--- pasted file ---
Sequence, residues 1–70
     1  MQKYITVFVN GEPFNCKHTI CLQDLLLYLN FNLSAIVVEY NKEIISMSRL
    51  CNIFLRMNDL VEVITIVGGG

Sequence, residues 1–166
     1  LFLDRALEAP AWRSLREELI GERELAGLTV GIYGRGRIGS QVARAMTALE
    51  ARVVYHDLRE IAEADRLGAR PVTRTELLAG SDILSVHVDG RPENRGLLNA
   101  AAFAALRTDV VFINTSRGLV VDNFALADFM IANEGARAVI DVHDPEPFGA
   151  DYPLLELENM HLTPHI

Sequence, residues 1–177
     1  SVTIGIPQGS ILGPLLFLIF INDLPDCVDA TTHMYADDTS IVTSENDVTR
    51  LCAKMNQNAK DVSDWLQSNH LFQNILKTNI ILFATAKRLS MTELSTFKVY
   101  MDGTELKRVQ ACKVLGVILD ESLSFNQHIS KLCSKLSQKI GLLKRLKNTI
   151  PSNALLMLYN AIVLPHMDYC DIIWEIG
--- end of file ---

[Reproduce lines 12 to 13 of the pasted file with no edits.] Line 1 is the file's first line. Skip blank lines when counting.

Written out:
   101  MDGTELKRVQ ACKVLGVILD ESLSFNQHIS KLCSKLSQKI GLLKRLKNTI
   151  PSNALLMLYN AIVLPHMDYC DIIWEIG